Update on 2012-13 CCSA Results on CCSA's Minimum Accountability Criteria

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January 19, 2013 Based on the latest release of CCSA's 2012-13 Academic Accountability Report Cards, we are seeing reasons for optimism regarding trends in charter school performance. Read more about the trends in our upcoming Portrait of the Movement.

For 2012-13, of the 621 charter schools with at least three years of data, 23 charter schools (4%) do not meet our criteria. Since none of these 23 schools is in renewal, we will not be calling for their closure this year. As we have done in prior years, we are reaching out to each of these schools to provide early warning and to offer support. In more general terms, we are seeing reasons for optimism regarding trends in the distribution of charter school performance. Over time we have seen some positive movement both in an increase in the number of high performing and a decrease in chronically underperforming charter schools, but it is too early to state with confidence that these improvements are large enough, or will endure long enough, to constitute an actual trend. This coincides with a significant number of charter schools performing in the bottom 10% being closed. In the last four years, 123 charter schools have closed, and of those that had sufficient data, roughly half were in the bottom 10% on Percent Predicted API. We take these developments as signs that, with continued partnership with our members, we have the potential to significantly improve the performance profile of charter schools.

To continue this work, we have to remain both diligent and agile. We believe that with continued partnership with our members, we have the potential to significantly improve the performance profile of charter schools. Many factors are affecting the accountability systems that charter schools are subject to, such as the implementation of SB 1290 updating charter school renewal regulations, the signing of SB 1458 calling for a revamped API including college and career readiness measures, Superintendent of Public Instruction Tom Torlakson's call for suspension of a number of high school CSTs, and the fast approaching transition to Smarter Balanced Assessments and Common Core State Standards. Some of these developments are inarguably positive such as the requirements to include a wider range of performance indicators in accountability systems, something we and our members have been supporting for several years.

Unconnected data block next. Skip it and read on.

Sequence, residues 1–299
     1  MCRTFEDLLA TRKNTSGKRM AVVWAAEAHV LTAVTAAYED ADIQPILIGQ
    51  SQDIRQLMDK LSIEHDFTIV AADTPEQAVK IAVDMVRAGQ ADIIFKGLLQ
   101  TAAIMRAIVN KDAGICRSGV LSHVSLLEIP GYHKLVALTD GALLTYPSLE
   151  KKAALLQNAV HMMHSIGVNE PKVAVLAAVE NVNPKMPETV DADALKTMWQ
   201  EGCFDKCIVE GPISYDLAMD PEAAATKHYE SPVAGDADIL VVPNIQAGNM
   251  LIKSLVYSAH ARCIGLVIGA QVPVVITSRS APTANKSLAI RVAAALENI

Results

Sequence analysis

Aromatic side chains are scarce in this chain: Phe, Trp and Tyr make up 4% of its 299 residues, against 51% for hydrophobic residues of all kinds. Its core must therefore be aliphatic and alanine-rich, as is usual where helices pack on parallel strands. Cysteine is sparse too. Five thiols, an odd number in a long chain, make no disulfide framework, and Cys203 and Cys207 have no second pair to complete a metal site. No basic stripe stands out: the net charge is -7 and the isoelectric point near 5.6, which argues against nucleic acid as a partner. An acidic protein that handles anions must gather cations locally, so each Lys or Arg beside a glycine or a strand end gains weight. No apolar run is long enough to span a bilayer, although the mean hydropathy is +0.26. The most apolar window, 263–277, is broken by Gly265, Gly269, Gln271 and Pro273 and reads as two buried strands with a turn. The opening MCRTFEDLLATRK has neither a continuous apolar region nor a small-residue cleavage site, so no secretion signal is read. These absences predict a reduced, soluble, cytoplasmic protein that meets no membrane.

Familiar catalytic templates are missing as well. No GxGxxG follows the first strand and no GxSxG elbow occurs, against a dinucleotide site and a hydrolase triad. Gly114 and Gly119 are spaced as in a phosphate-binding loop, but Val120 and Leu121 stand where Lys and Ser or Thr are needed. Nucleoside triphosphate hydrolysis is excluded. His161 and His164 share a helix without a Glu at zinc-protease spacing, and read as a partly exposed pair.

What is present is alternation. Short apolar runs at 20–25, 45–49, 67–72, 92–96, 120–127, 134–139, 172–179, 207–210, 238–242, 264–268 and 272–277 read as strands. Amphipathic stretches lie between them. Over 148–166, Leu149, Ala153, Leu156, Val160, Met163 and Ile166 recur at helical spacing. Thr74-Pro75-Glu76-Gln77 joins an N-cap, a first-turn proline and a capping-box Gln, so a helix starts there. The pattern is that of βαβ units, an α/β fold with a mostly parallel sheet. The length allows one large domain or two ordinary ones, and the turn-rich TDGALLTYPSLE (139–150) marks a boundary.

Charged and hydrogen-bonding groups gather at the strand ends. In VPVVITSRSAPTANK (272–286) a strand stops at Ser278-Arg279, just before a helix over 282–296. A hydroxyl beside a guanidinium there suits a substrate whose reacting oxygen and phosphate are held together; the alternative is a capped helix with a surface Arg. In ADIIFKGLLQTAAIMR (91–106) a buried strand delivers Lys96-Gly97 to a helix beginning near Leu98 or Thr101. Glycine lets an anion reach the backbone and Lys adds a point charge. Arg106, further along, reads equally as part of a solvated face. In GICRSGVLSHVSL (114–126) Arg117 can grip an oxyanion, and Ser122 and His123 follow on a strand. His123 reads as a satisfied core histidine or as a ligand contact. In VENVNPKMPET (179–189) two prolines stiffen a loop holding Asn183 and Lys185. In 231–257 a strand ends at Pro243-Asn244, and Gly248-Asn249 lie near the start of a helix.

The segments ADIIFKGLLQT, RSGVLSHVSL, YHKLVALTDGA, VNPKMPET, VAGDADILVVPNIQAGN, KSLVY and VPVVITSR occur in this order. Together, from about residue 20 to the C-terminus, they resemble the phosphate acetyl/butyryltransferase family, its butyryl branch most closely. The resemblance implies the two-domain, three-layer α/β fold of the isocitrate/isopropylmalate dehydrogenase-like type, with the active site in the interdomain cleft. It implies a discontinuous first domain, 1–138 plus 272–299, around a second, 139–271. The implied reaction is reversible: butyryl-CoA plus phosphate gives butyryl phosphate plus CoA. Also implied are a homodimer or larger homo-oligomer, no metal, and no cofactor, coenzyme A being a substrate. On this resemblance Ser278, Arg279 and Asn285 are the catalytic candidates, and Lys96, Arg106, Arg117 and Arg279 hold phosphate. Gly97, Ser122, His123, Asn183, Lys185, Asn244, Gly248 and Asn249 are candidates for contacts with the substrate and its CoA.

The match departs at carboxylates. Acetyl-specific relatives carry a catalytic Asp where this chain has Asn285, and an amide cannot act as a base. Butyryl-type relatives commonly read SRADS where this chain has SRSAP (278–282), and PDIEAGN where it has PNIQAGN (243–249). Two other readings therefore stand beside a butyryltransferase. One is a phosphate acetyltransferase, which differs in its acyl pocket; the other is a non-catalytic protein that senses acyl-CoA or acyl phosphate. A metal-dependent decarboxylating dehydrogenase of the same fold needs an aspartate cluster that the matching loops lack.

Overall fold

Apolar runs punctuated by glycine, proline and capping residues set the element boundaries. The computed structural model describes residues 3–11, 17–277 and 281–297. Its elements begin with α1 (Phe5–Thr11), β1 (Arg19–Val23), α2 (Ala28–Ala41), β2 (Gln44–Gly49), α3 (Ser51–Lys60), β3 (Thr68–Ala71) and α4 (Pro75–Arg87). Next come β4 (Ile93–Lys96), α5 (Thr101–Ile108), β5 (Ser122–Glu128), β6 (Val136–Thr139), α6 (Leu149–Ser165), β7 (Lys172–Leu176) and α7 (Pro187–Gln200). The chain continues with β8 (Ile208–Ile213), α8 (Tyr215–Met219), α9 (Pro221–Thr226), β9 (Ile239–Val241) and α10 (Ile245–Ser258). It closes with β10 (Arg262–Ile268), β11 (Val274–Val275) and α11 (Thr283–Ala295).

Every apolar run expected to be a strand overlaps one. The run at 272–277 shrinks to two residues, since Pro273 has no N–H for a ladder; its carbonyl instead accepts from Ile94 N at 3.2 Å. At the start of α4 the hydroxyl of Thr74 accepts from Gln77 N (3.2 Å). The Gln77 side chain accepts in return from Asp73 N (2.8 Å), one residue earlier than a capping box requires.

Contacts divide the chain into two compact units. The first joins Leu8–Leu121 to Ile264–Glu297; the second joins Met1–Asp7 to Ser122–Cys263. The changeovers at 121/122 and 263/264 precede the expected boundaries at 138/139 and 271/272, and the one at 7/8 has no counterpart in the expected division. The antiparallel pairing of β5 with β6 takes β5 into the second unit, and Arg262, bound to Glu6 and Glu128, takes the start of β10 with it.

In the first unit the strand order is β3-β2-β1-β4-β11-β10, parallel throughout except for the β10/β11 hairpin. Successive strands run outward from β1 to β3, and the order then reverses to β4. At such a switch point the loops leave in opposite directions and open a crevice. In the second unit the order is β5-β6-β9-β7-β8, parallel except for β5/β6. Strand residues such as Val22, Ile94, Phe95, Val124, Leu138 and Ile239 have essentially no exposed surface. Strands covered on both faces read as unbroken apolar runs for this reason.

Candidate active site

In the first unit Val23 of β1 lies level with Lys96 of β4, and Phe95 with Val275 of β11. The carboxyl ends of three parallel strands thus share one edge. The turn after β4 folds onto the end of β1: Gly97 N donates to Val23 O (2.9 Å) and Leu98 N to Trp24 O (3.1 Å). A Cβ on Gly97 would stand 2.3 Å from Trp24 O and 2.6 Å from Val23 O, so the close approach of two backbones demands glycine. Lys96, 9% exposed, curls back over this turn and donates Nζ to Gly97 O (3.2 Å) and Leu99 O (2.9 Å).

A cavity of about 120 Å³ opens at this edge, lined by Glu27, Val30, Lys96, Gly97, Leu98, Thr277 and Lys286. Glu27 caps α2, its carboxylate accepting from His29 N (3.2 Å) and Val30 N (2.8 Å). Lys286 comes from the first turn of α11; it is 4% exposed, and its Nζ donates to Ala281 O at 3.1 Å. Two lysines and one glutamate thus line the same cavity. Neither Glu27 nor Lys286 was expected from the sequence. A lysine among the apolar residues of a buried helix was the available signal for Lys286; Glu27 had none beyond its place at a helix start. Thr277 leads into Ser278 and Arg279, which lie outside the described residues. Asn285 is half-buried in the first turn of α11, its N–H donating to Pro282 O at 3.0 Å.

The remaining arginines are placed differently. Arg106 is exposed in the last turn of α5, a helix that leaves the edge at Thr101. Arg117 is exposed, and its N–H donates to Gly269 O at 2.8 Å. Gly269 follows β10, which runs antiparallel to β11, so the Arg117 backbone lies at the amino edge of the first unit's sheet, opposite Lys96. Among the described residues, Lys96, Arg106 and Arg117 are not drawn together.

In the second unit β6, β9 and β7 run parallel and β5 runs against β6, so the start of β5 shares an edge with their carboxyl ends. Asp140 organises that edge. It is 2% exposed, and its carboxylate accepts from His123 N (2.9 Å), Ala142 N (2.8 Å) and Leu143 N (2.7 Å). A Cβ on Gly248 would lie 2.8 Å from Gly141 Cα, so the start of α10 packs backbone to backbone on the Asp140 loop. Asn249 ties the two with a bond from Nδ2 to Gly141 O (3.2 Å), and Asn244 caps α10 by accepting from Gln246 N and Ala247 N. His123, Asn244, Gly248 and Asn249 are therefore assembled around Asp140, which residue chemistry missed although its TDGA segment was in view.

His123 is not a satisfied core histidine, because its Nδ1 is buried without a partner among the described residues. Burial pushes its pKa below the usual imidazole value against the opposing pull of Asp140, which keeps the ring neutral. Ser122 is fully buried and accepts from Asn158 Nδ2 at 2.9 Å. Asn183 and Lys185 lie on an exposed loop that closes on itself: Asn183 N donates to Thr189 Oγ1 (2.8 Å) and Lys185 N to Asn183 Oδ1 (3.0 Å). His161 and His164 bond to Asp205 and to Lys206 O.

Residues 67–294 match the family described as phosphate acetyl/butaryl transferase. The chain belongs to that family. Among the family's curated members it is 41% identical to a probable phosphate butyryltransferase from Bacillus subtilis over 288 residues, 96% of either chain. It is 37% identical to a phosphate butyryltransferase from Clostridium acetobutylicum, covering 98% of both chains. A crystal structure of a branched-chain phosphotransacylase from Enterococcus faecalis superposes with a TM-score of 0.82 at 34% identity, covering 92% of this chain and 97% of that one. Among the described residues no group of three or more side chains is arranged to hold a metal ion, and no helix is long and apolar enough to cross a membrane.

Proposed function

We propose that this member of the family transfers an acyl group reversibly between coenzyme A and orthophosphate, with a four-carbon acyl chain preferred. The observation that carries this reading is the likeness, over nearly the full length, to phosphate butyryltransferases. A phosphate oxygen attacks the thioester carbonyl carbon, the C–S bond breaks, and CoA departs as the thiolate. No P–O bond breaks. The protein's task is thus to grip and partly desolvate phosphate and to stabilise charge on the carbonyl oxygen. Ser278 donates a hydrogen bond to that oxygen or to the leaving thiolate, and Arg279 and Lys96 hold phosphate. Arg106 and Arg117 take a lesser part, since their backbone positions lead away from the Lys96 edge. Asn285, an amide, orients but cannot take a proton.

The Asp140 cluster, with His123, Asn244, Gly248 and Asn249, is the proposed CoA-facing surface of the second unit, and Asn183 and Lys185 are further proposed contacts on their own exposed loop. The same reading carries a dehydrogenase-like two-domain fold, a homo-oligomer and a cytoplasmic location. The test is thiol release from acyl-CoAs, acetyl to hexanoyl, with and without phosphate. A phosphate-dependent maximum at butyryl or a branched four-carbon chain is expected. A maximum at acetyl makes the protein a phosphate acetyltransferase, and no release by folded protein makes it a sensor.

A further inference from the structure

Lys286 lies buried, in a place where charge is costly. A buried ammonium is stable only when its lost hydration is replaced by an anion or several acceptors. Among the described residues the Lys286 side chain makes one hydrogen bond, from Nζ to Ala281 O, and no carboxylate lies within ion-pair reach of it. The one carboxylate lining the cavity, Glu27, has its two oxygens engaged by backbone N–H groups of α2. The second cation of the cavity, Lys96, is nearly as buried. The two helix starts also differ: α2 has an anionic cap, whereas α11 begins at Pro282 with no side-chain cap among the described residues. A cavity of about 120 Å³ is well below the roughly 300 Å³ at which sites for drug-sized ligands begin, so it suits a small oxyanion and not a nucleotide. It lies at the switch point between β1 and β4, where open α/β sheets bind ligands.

In addition, higher quality data is now becoming more widely available in the state - data showing the growth of individual students, something our members and the Association have wanted to see emerge. We have long said that we would enhance our own accountability framework once better data became available. As such, we believe that we must push forward with the next chapter in our academic accountability work - to incorporate a wider range of indicators and higher quality data. As ever we will work with our Member Council and our members more broadly to do this work. Next month we look forward to commencing this work at our Member Council meeting and we will be providing our members more broadly many opportunities for input at regional meetings and through other means.

Meanwhile, our research and data team will continue to analyze performance trends within the movement. One trend that the team uncovered is that charter schools four years and older have had a more positive performance distribution than all charter schools in recent years. We observe higher percentages of these older schools performing in the top 5% and significantly lower percentages in the bottom 5%. These results suggest that charter schools that successfully navigate the one-time challenges of school opening become increasingly likely to demonstrate performance towards the right side of the U. These and other results will be incorporated in an upcoming Portrait of the Movement publication. Be sure to be on the lookout for it later this spring.